1) I wandered through the Copacabana neighborhood and along the famous boardwalk. I’m glad I chose to stay in Ipanema because it’s got a better mix of trendiness and beauty.

2) I took the subway to the center of the city where I intended to see the more artsy and bohemiam neighborhoods of Lapa and Santa Tereza. Unfortunately, the combination of scary-looking street urchins and stifling heat, plus hillclimbs, sent me scurrying into a slightly more safe area called Gloria. There, I admit, I broke down and had lunch at a McDonald’s, mostly because it had both air-conditioning and a bathroom I could use. See, I really had no choice.

3) From Gloria, I took a bus to the Botanical Garden. The sight was only meh, so let me talk about the buses instead — they’re awesome! From just about any bus stop, if you wait long enough (and usually not long at all), one will come along that’s going to whatever part of the city you want to go. You get on and pay the cashier who sits behind the driver — and she gives change. One tip though: they won’t actually stop unless you flag them down. Oh and some are air-conditioned and some are not. Random, I guess.

4) Sunday morning I caught a bus to Sugarloaf Mountain, one of the must-see sights here. You take two sections of cable car to get to the 1,200-foot summit. Anybody always picture the cable snapping? I do every time. It was pretty hazy so my pictures didn’t turn out that great (see below). I was hoping for a break from the heat because of the higher elevation, but no such luck. I think I saw old people passing out.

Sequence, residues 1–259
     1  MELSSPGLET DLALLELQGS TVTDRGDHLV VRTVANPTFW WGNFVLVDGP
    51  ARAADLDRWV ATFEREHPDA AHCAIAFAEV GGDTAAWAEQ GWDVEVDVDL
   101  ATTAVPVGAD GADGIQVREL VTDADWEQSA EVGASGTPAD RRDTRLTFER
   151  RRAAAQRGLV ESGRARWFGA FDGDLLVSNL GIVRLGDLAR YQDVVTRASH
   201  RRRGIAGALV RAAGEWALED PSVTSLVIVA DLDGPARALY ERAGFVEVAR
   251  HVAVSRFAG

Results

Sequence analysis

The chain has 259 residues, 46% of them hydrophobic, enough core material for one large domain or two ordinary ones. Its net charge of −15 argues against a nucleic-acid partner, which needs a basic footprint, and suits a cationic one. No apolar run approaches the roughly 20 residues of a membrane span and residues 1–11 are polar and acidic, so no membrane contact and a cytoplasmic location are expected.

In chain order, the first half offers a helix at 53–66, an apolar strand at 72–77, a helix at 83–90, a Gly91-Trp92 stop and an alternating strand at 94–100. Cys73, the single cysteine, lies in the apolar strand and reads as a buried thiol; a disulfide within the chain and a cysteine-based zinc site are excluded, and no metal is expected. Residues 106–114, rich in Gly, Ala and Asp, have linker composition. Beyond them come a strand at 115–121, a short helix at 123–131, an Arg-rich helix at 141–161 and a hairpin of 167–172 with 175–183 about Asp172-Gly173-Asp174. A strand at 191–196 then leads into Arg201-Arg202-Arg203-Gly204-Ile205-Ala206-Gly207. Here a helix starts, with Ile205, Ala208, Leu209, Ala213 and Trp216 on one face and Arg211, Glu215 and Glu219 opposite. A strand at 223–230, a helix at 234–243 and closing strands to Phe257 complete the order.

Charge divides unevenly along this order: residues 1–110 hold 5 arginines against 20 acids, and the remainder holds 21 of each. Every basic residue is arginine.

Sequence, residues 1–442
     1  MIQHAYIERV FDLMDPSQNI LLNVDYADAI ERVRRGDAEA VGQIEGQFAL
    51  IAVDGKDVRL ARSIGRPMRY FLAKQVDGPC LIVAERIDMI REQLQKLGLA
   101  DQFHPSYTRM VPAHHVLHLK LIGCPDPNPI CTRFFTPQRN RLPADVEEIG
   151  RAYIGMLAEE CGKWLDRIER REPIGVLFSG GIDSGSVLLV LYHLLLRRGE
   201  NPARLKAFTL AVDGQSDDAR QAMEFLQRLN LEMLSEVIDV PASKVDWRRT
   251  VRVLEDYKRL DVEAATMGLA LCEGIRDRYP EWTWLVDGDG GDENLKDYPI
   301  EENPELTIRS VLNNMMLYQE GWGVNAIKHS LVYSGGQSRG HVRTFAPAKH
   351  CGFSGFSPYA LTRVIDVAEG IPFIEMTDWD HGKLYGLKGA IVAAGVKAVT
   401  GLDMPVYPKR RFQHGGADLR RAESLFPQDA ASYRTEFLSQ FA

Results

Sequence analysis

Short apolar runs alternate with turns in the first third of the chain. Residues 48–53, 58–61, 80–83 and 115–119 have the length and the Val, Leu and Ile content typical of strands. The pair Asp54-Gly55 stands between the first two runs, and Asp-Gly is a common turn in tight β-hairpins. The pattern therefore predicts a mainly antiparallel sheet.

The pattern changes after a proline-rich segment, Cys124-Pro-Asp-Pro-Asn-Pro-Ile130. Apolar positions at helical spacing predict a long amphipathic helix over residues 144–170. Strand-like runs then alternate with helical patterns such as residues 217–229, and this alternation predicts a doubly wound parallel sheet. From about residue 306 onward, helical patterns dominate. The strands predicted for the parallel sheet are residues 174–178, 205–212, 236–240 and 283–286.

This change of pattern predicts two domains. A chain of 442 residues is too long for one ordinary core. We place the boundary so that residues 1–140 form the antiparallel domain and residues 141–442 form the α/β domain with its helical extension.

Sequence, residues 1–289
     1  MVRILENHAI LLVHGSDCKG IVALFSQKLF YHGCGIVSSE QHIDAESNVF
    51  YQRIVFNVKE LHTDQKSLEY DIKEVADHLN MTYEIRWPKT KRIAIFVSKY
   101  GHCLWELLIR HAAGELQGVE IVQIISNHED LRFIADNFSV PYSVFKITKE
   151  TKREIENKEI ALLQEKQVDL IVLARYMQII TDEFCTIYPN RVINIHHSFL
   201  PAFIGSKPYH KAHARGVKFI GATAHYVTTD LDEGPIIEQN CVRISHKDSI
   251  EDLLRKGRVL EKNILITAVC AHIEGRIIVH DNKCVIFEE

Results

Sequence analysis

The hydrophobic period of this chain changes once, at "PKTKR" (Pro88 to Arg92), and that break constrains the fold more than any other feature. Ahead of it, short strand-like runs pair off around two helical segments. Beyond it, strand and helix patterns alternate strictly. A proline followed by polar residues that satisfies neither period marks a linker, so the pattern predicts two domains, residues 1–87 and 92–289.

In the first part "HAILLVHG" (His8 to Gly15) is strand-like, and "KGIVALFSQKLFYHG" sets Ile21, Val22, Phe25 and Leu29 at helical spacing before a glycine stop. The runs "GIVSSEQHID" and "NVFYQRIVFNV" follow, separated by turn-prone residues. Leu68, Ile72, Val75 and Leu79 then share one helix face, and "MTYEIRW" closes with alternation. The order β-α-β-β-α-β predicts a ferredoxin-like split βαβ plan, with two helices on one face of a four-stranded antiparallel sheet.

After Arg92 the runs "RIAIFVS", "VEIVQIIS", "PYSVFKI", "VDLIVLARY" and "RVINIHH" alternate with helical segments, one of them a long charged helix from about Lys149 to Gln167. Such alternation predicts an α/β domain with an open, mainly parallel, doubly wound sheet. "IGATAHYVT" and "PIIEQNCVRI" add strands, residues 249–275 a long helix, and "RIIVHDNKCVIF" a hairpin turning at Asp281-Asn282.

5) After returning to Ipanema by bus and eating leftover pizza for lunch, I decided my earlier vow not to go swimming at the beach with 10 million people and instead wait until the next part of my trip for that – well, that was just plain dumb. I went down to Ipanema Beach, found a one-square-foot section of sand in between the masses to leave my sandals, and hit the surf. And oh man was it awesome – the water was the perfect temperature to cool you off (78 F according to one site) and every once in a while a bigger-than-usual wave gave you a rush as you had to decide: Do I merely bounce up with the swell and let it roll by, or will it break before it hits me? When one of these larger waves rolled down the beach, you could hear a succession of gleeful screams. The only reason I left was because my sunscreen was wearing off.

Tonight I’m off to the nearby pay-by-the-kilo buffet. I had it Friday night and it was great. These types of places are very popular here. About one pound of dinner Friday night set me back 25 reals, or $12.50. Tip and beers took it to $24, but that was still a great deal.

Up next: Up early Monday to try and beat both the crowds and the heat at Rio’s No. 1 attraction, Cocovado (Christ the Redeemer statue). Oh you can be sure I’ll be hitting the water again in the afternoon.


Liked this view near the botanical garden.


The sunset scene at Ipanema.


My fav pic of the whole trip so far: dusk sets in at Ipanema.


The view from Sugarloaf Mountain.


And the cable car at Sugarloaf.


The masss at Copacabana Beach on a hot and hazy Sunday.

The most crowded beach I’ve ever seen: Day 6 in Brazil